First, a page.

Sing a Song of Skip Spence

Listen, my friends…TURN IT UP!

Today would have been Alex “Skip” Spence‘s 75th birthday — had he survived this long.
He died in 1999, two days short of his 53rd birthday but not before he left a lasting legacy in song.

Like most folks, I first met Skippy via the Moby Grape (1967) album. Later, I would learn of his prior musical wanderings as guitarist in an early line-up of Quicksilver Messenger Service and drummer on the first Jefferson Airplane album.

That first Moby Grape album blew me — and pretty much everyone — away. To this day, it’s regarded as one of the best rock albums ever. Featuring fiery triple guitar cross-talk with strong harmonies from 5 voices atop a rocking rhythm section, Moby Grape quickly crested the wave of the San Francisco psychedelic scene. And nearly as quickly crashed.

“The Grape’s saga is one of squandered potential, absurdly misguided decisions, bad luck, blunders and excruciating heartbreak, all set to the tune of some of the greatest rock and roll ever to emerge from San Francisco. Moby Grape could have had it all, but they ended up with nothing, and less.”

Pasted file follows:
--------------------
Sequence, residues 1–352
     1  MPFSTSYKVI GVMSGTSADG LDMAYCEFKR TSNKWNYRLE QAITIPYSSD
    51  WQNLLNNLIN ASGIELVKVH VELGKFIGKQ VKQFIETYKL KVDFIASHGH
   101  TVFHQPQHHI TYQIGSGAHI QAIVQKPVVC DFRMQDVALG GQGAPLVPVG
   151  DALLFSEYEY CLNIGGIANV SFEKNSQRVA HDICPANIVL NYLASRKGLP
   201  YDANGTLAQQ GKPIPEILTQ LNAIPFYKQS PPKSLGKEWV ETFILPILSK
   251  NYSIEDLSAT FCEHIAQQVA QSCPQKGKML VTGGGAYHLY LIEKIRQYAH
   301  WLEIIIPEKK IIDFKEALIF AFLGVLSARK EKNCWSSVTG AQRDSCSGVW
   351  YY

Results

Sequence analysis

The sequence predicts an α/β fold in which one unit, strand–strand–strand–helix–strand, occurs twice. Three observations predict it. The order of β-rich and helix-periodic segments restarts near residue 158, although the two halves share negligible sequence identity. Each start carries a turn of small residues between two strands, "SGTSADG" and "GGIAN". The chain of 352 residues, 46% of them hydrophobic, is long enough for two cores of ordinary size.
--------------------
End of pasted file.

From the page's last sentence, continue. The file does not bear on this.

Music historian Jeff Tamarkin

Initial fiascoes aside, the band headed to the studio to record their second album.

But how do you follow up a nearly perfect debut album?

With a lot of studio wizardry and added production elements. Rather than spending all day rehearsing as a band, as they had prior to their first outing, the band recorded in the more traditional manner: separately laying down tracks with orchestration and effects added later.

Wow! (1968) reflected a changing sensibility in how the Grape recorded, and the final tracks reflected the changes. Grape Jam, released as part of the same package, counterbalanced the over-produced air of the main album with a refreshing set of studio jams, simple and direct.

Recording in New York proved a challenge, though. Peter Lewis explained, “We had to do (the album) in New York because the producer wanted to be with his family. So we had to leave our families and spend months at a time in hotel rooms in New York City.”